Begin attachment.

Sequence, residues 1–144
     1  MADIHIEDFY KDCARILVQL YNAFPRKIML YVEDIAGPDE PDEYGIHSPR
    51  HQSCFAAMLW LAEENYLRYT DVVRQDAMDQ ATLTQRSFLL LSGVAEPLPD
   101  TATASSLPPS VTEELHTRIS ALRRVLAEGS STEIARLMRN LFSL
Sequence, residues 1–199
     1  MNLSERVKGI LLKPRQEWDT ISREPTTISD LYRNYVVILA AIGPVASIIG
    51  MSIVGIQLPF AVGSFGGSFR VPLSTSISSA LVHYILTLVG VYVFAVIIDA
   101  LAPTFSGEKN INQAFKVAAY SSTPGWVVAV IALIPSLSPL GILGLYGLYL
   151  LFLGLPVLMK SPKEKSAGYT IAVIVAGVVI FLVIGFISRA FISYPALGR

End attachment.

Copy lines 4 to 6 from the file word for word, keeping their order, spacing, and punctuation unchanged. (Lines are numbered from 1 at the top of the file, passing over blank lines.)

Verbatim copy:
   101  TATASSLPPS VTEELHTRIS ALRRVLAEGS STEIARLMRN LFSL
Sequence, residues 1–199
     1  MNLSERVKGI LLKPRQEWDT ISREPTTISD LYRNYVVILA AIGPVASIIG